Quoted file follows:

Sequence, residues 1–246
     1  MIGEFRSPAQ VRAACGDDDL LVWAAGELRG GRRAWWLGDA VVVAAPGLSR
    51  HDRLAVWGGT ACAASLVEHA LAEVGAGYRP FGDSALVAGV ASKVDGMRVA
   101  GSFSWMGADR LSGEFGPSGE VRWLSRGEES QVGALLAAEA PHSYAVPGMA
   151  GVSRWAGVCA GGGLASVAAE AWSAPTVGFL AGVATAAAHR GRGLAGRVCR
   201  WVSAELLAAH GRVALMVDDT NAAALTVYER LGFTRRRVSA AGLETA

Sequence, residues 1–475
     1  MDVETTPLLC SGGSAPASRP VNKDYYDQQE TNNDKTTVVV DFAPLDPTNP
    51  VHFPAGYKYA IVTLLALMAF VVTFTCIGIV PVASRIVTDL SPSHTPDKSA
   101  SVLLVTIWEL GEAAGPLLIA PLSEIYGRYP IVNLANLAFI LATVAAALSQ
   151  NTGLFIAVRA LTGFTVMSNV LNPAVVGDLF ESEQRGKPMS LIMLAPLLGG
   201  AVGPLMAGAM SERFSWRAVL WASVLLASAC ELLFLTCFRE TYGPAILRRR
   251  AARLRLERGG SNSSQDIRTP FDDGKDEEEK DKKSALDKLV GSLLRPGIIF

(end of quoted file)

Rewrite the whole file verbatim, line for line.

Sequence, residues 1–246
     1  MIGEFRSPAQ VRAACGDDDL LVWAAGELRG GRRAWWLGDA VVVAAPGLSR
    51  HDRLAVWGGT ACAASLVEHA LAEVGAGYRP FGDSALVAGV ASKVDGMRVA
   101  GSFSWMGADR LSGEFGPSGE VRWLSRGEES QVGALLAAEA PHSYAVPGMA
   151  GVSRWAGVCA GGGLASVAAE AWSAPTVGFL AGVATAAAHR GRGLAGRVCR
   201  WVSAELLAAH GRVALMVDDT NAAALTVYER LGFTRRRVSA AGLETA

Sequence, residues 1–475
     1  MDVETTPLLC SGGSAPASRP VNKDYYDQQE TNNDKTTVVV DFAPLDPTNP
    51  VHFPAGYKYA IVTLLALMAF VVTFTCIGIV PVASRIVTDL SPSHTPDKSA
   101  SVLLVTIWEL GEAAGPLLIA PLSEIYGRYP IVNLANLAFI LATVAAALSQ
   151  NTGLFIAVRA LTGFTVMSNV LNPAVVGDLF ESEQRGKPMS LIMLAPLLGG
   201  AVGPLMAGAM SERFSWRAVL WASVLLASAC ELLFLTCFRE TYGPAILRRR
   251  AARLRLERGG SNSSQDIRTP FDDGKDEEEK DKKSALDKLV GSLLRPGIIF